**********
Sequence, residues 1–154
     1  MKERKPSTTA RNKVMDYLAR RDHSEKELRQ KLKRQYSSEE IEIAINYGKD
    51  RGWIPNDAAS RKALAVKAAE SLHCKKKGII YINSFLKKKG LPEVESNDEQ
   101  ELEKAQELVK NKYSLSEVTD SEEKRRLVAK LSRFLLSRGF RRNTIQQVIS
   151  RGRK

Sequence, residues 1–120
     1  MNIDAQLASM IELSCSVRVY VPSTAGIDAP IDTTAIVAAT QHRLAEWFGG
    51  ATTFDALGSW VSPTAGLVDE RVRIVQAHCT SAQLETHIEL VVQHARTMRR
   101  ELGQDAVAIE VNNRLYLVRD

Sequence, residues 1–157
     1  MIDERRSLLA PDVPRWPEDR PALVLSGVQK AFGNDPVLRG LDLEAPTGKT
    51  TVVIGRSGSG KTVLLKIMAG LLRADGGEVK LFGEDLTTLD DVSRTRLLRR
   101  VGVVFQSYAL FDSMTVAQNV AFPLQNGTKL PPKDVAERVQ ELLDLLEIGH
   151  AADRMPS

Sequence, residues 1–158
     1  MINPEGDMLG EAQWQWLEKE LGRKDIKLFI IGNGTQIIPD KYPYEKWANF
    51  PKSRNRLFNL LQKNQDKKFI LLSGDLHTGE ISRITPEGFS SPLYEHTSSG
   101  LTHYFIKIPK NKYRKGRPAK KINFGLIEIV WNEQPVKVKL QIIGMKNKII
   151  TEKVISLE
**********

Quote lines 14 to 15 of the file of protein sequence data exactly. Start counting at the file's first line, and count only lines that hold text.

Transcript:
   151  AADRMPS

Sequence, residues 1–158